The Age of Miracles

A Light Read About a World In Crisis, By Karen Thompson Walker

Rating: 3 (3)

As Karen Walker Thompson’s The Age of Miracles opens, the world is in the initial stages of “the slowing” — a gradual decline in the speed of its rotation on the Earth’s axis. This is, of course, problematic, and sends our narrator Julia’s life into chaos, along with the rest of the world’s population.

I remember at some point reading a somewhere about this book that the science behind this and the book’s explanation of it was off, which apparently some commenters feel is unforgivable. It doesn’t really bother me, for this type of book, and I don’t really know enough to assess its validity, so moving right along…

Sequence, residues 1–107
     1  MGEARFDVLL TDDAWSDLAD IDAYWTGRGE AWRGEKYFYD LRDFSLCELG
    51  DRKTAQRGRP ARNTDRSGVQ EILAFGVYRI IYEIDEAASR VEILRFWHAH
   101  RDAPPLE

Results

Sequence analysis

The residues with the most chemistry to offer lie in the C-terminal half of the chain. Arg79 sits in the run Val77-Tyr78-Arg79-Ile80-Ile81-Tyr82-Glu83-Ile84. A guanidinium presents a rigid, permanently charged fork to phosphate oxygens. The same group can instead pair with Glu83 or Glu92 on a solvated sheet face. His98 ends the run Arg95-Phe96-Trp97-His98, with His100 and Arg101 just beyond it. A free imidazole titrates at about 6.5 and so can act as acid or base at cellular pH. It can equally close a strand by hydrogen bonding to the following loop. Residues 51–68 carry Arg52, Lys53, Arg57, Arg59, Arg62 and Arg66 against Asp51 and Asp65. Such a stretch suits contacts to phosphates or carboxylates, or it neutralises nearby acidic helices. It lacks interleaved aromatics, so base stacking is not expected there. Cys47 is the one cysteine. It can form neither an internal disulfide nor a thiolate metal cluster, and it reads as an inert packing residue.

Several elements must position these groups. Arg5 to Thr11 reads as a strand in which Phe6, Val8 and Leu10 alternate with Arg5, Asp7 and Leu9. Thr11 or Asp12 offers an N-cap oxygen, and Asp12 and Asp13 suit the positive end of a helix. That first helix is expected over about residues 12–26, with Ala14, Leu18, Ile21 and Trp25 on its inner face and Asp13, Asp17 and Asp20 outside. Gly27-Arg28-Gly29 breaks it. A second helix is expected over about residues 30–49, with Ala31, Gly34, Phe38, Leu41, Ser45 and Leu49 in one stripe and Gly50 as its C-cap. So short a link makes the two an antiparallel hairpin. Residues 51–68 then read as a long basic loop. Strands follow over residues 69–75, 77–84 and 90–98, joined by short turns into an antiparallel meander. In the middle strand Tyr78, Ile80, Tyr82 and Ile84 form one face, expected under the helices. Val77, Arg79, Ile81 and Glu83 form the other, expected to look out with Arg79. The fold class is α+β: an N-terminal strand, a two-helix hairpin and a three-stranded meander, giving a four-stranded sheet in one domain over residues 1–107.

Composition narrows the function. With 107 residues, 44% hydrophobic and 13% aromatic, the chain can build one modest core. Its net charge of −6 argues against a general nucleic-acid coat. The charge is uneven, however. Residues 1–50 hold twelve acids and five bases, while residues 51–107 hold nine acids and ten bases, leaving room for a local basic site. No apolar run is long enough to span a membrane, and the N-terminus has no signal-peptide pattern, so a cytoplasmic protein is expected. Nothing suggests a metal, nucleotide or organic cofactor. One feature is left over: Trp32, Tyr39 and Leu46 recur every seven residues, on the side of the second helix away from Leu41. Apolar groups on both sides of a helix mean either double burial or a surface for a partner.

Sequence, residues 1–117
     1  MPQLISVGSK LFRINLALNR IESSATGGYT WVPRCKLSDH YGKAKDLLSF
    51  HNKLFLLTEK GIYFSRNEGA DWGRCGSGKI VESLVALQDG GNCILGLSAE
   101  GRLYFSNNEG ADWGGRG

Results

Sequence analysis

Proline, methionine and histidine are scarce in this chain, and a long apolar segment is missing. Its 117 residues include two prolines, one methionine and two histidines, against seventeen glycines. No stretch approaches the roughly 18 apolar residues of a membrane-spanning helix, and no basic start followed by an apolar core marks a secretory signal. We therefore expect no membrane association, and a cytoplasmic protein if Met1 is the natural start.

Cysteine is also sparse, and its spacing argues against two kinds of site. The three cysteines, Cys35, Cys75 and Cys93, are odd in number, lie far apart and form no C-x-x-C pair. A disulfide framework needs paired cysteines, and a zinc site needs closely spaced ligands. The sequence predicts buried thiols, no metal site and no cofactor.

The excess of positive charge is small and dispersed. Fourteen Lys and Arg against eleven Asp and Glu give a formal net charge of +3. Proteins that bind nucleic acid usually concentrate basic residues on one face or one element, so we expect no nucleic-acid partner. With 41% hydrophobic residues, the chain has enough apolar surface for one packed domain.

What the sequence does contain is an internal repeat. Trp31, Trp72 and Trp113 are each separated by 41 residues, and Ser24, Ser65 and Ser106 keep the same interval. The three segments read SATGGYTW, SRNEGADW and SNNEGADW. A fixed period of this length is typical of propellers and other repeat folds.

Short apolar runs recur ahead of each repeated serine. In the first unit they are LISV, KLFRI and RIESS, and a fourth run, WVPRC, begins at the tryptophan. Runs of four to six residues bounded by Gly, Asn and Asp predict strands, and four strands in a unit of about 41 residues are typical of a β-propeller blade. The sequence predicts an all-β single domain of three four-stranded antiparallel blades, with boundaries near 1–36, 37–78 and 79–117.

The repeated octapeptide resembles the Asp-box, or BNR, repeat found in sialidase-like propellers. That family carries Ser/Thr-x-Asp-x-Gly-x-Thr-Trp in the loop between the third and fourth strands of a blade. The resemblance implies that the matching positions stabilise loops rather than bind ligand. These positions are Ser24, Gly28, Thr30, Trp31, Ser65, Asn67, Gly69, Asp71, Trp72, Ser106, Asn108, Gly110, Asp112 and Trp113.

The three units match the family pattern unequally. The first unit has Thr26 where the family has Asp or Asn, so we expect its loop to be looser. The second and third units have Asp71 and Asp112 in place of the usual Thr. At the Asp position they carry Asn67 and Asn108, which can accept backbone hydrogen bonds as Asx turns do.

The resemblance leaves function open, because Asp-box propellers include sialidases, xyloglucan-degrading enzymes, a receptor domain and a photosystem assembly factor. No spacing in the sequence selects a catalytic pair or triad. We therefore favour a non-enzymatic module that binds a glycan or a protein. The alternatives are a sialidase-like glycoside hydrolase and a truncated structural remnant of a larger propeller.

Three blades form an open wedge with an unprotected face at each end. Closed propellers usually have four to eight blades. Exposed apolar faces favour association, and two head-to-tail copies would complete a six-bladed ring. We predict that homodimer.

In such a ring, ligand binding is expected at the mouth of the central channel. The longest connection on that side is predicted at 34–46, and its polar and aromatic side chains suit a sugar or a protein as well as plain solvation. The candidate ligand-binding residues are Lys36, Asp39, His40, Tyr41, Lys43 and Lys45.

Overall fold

The book basically explores how Julia copes with the slowing along with things like first loves and growing apart from her best friend. It’s also a hypothetical reflection on society as it becomes fractured and people manage the situation as the days and nights start to extend, subtlety at first, but they stretch longer and longer until the pretense of normalcy disappears and everyone is forced to rapidly adjust their way of living, albeit in different ways.

It is relatively light fare as far as dystopian novels go, and it focuses more on creative possibilities for coping as opposed to social commentary, though there is a little of that mixed in. I think some people lump this into Young Adult fiction instead of adult literature, and there are difficulties but ultimately it is not a particularly dark or stark vision of the future. I think if you are interested in dipping into something light but not vapid, this is probably a good book to pick up. But if you’re looking for a “meatier” dystopian novel, it is probably not for you.

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